“What did you give her?” teɪ asked softly.
“Does it matter? She’s stopped screaming. She’s not even talking to herself. And,” she paused, “the rain stopped. Listen. Yes, it stopped. I think I’m doing a good thing here.” The woman swept her long bangs out of her eyes. It was early. The dark circles beneath her eyes had a softening quality—harsh on her pale face, but good for the appraisal of her soul. teɪ was pleased. Daylight hadn’t even gotten up for this, but she had. The woman slid a souvenir ashtray from Colorado onto the table.
teɪ glanced at it. “And what you’re doing for her matters. I’m sorry. Thank you.” He looked at the top of the girl’s head and then to the woman separated from him by the girl in her chair. “Can she stay with you?”
“I knew the moment you brought her here,” her voice rose. She sighed and whispered, “I don’t want to do this. Please.” Her bangs fell back over her face.
“Please,” he reached out and twisted her unruly hair together. He was surprised the woman let him, but he pinned it back with a bobby pin that he’d managed to make appear out of thin air. She cut her eyes at him. He smiled. “You never know when you’re gonna need to pick the lock of a lady’s boudoir.”
The woman laid a hand on the girl’s shoulder, “I don’t think that will work with any lock I know of.” Her voice hardened.
“I’ve been known to change a few locks in my time.” He spoke softly still, but his white teeth flashed in the near-dark of the room.
“What am I supposed to do with her?”
“Teach her.” At this, the girl looked up drowsily from her tea and cigarette.
“This is retard—I mean, not something I want to do; therefore—”
“I’m leaving now. Take care.” He tossed his coat over his arm and took a couple of long steps backward, bowing out of the kitchen. “I’ll come back to see how things are going.” He turned.
“You can’t keep leaving strays on my doorstep!” But, teɪ just curved out his fingers into the air in substitute of good-bye as he left the apartment.

Light and warmth. Warmth and softness. A quietness. Oh, there was the sound of city traffic outside and human voices, outside and from the rooms above, and the noises of a mother busy in the kitchen (a mother?), but within? Within it was her own heartbeat and her own voice, very unobtrusive and respectable, and nothing else. And she no longer felt like she was falling apart. So, Dulcie turned and hugged her pillow not having anyone else to share the moment with. But she did! She slipped out from under the heavy quilt and went to open the door. She looked out from the small crack and could see, from the restaurant-style unisex sign, a bathroom but not the kitchen and not the woman from last night. She must have drugged me. Dulcie realized she was in a clean, white college t-shirt and underwear that was not hers. She felt that, under the circumstances, it would be okay to nose around a bit. She closed the door and began to quietly open the largest drawers of an antique high-boy. The first one held an array of neatly laid-out bras, none of which Dulcie could wear without padding. The second one was stocked with running shorts and t-shirts like the one she was already wearing. She picked a pair of shorts with a drawstring, put them on, and pulled the string tight before folding over the band.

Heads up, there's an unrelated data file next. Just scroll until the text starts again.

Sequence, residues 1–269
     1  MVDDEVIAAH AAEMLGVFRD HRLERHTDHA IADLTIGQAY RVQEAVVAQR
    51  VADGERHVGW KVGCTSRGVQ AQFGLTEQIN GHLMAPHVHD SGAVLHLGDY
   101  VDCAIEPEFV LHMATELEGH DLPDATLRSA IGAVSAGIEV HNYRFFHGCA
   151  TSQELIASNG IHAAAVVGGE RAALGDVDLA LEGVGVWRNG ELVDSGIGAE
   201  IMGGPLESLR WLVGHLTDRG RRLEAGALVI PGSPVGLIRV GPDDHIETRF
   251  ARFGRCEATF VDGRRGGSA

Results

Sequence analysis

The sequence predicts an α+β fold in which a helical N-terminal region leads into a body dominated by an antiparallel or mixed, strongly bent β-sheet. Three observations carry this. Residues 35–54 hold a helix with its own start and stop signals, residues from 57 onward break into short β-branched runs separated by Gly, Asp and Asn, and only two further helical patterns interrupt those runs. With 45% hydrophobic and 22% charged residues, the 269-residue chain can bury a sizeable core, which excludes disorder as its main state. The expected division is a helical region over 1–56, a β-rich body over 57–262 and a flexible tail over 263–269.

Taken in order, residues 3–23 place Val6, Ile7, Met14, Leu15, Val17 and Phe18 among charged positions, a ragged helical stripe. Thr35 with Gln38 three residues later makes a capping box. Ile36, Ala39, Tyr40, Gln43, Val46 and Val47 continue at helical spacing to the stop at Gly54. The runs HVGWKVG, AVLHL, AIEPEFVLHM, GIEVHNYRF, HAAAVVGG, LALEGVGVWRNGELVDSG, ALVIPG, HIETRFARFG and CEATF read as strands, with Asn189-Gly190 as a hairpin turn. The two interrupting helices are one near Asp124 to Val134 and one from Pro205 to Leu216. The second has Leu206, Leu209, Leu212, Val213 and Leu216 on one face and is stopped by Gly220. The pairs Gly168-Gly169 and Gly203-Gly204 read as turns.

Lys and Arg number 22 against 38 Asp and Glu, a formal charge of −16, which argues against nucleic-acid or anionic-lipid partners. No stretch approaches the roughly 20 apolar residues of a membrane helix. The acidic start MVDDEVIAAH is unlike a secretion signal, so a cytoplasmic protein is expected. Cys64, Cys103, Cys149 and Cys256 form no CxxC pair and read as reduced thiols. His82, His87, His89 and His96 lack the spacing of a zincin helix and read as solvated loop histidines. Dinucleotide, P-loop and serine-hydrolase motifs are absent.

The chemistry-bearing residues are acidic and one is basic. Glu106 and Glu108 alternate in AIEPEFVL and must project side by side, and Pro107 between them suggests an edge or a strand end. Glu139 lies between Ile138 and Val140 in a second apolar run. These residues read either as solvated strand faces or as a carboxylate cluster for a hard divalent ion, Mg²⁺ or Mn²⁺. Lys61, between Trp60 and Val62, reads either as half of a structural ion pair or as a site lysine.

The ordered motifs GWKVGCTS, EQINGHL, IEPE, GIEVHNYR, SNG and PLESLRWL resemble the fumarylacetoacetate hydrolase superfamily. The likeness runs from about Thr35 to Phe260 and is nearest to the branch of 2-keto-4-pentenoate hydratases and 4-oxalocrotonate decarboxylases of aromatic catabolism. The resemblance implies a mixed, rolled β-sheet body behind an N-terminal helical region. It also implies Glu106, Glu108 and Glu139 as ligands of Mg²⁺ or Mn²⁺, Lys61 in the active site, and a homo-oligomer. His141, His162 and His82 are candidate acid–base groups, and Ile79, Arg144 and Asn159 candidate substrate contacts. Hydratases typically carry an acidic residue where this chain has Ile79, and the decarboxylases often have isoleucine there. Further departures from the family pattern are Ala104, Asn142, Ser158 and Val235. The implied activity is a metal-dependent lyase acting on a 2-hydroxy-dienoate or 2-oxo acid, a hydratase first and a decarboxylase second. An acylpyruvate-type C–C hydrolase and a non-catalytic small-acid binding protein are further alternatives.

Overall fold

The living room and kitchen were separated only by the table and its set of six chairs which were positioned as to not touch anything other than linoleum. The table wouldn’t have fit on the carpet anyway. Except for a small walk-way from the kitchen to the door that branched off to allow traffic into and out of the bedroom and washroom opposite, boxes and an odd assortment of furniture, stacked and smooshed together on one side of the room, took up all the available floor space. “Hello,” Dulcie called tentatively.
The woman from last night dried her hands off on a towel draped through the fridge handle. She turned to look at the oven and at the shelves in the kitchen. “Hi. I just finished making lunch. We’ll get out of here after we eat, I think.” She glanced at some boxes near Dulcie’s feet. “I’m getting a little claustrophobic with all this stuff everywhere.” She finally met Dulcie’s eyes. Dulcie smiled quickly. The woman looked as if she would cry, but otherwise, she was beautiful, somehow plain and beautiful at the same time.
“Is everything okay?”
“Yes. Just tired. It was late,” the woman hugged herself, “or early when you got here. Are you cold?”
“No, I’m so fine. I promise. This is not the strangest thing that’s ever happened to me. But, no I’m not cold.” She thought about it a moment. She looked down. “Oh! Can you see my nipples?”
The woman had a full-bodied laugh, and Dulcie not only joined her in that but also closed the distance between them and wrapped her arms around the first decent human being she’d met in a long time.

Sunday, April 10, 2011

more NaPoWriMo

So, I am having lots of good ideas. It's hard not to sit down and not only hammer out each poem but burnish it to a smooth shine. I can't wait to edit some of these.